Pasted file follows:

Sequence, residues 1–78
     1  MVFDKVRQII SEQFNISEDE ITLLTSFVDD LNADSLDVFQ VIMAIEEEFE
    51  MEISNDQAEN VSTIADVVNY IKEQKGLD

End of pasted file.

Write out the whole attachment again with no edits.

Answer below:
Sequence, residues 1–78
     1  MVFDKVRQII SEQFNISEDE ITLLTSFVDD LNADSLDVFQ VIMAIEEEFE
    51  MEISNDQAEN VSTIADVVNY IKEQKGLD